Today I Rise

Today I Rise from The Flourish Initiative on Vimeo.

The Force

What’s happiness? When a totally nerdy, pop-culture iconic movie character says the exact same thing that every freaking thing you’ve ever read or been told by someone speaking to you about writing and art.

There were more than a few times last night that I felt tears well up and that might have been the biggest. I am guilty of reciting the “there is no try” bit. And I’m able to apply that and last night’s messages to more than art-making.

And ain’t that the whole hero’s journey -and the artist’s, to keep going, to learn from everything – success and failure, and to be true to yourself.

Thanks for the reminder. I needed that.

It Followed Me Home From The Clark

I went over to the Clark. My intention was to maybe climb the hill an sketch or paint but that didn’t happen. I went in, got banded (LOVE being a member! support your local art org!) and wandered around looking at paintings. Mostly favorites, but I did look at some of the Dutch genre pieces (very cool) and I looked at part of the Looking North and South exhibit which was mostly drawings and printed material. I saved that for another day because I ran out of time before the movie. Like any movie venue they run little announcements of upcoming events, remind you to look for the exits and not to eat in the auditorium etc. When the feature started though, it was so quiet that a good portion of the audience kept right on talking… They finally settled down.

Visually I, Claude Monet was beautiful, often morphing between real landscapes and views to the work of the artist. I didn’t know anything about his biography so there were parts that were interesting, all told via his letters to others but it seemed to devolve into ‘my life is miserable, the painting is hard or impossible and I need money.’ It was all done with a single narrator, which didn’t help. Monet did have hard stretches of life especially in is young adulthood, but I would have liked to know more about his thoughts about the work of others or other’s reactions to Monet’s work etc. To put it better, they could have made him more three dimensional.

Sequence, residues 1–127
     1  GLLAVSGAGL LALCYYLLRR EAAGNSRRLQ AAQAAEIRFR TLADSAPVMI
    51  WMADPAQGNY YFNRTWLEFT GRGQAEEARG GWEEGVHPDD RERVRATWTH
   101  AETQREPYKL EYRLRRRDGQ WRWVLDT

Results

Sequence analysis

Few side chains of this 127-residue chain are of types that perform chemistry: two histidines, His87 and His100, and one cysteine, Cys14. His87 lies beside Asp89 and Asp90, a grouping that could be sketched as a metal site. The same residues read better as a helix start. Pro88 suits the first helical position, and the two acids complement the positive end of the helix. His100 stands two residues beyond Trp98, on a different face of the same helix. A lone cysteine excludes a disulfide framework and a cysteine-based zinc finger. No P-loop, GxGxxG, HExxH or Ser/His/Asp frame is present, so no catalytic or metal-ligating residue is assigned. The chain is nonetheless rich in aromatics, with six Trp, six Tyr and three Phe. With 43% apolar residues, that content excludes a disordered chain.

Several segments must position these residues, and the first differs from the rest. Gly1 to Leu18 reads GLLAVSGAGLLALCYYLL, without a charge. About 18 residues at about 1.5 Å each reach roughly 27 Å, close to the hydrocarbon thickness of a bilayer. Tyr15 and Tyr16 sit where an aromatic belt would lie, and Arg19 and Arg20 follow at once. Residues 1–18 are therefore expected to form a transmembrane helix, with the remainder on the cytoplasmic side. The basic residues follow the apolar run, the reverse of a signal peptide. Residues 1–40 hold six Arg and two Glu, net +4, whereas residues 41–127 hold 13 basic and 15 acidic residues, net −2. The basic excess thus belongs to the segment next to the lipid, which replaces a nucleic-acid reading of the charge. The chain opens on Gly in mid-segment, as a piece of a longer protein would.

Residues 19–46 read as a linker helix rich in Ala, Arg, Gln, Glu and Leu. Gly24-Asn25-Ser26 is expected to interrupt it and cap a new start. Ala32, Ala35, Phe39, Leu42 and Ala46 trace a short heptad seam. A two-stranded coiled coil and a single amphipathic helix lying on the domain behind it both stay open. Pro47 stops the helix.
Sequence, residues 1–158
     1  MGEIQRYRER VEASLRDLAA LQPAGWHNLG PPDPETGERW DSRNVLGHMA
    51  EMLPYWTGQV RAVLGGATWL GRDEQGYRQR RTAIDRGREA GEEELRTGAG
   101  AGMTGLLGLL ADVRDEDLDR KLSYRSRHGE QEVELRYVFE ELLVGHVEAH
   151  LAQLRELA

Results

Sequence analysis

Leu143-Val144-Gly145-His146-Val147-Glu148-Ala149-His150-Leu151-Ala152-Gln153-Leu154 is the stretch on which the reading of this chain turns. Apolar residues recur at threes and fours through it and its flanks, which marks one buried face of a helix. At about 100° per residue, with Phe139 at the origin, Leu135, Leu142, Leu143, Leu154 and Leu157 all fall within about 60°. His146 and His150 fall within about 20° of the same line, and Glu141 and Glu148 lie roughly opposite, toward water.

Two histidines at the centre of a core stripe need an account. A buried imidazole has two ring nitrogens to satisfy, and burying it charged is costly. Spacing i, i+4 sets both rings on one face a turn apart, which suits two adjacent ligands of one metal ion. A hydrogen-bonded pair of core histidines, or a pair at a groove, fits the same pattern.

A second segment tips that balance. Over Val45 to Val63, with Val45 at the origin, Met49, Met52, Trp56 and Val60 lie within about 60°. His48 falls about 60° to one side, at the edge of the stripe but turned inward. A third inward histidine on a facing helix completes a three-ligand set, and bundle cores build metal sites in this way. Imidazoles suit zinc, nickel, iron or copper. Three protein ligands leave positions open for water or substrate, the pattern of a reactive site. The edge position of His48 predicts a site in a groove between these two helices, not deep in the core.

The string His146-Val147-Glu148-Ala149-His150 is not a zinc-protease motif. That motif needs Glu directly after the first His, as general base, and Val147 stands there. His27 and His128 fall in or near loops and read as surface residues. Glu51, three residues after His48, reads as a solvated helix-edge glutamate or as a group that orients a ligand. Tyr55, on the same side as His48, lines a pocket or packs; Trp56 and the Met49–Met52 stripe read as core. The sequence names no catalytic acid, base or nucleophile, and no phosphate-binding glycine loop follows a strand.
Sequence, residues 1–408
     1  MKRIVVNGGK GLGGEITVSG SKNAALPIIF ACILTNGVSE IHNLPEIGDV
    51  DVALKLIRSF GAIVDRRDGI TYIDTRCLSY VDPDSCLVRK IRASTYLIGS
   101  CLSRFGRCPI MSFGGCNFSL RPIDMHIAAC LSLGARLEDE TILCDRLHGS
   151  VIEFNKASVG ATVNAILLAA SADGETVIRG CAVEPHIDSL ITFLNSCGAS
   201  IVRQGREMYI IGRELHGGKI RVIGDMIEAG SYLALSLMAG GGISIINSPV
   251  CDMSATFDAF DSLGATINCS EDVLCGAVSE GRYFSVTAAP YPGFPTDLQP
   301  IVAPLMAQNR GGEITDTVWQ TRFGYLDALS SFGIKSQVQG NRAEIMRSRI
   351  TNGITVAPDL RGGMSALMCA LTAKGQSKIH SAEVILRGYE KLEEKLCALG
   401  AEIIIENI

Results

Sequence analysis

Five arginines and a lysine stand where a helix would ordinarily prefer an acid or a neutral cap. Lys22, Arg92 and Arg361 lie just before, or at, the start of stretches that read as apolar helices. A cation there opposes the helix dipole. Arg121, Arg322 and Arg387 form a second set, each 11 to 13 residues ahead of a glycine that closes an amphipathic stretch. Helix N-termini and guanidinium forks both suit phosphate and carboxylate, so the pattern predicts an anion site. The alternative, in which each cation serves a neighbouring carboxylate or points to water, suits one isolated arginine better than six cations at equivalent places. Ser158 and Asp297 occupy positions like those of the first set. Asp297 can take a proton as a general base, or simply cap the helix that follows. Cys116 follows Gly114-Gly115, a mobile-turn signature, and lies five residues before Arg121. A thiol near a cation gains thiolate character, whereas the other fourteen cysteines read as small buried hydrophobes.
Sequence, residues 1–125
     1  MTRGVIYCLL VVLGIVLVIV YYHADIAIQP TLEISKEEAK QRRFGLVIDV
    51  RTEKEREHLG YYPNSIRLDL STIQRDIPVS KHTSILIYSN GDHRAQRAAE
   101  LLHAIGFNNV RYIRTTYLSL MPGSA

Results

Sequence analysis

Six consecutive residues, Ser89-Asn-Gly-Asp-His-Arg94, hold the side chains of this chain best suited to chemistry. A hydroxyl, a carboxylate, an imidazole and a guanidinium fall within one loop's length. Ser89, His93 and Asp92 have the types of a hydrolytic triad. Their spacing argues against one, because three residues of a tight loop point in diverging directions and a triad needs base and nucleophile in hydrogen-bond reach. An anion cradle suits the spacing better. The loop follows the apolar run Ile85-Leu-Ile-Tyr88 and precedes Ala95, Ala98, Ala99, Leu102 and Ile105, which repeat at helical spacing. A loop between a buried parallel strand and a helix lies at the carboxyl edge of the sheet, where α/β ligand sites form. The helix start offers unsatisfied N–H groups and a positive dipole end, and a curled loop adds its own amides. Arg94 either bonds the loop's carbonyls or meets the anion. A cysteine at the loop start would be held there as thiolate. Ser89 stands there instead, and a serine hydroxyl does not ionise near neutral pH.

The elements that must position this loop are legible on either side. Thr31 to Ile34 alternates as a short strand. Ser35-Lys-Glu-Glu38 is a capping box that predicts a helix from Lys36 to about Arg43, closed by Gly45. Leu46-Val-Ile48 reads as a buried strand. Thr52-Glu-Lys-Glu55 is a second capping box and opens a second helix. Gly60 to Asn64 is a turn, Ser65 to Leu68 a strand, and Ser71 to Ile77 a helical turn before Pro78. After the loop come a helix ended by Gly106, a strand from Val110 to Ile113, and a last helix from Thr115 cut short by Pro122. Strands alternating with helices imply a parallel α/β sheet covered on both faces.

I might watch it again given the chance because I was warm and sleep-deprived and my eyes wanted to close. I fought this because the views were gorgeous and seeing the paintings that large was wonderful.

When it was over, I went back through the building to get to my car and this book leapt into a bag and insisted on going with me. Whatcha gonna do?

Today in the Sunshine

Also found planted in the nearby garden, in case I ever need to verify my location:

I’m off to the Clark Art in Williamstown to look at new things and see the movie I, Claude Monet. I wonder if future people will be rummaging through our emails to gain insight about what we did today?

Being A ___________ (Paterson)

Wednesday I went to see Paterson at the Spectrum and I’ve been thinking about it ever since. I was one of about six or seven people, almost all women, in the small theater and it was blessedly silent once the movie began.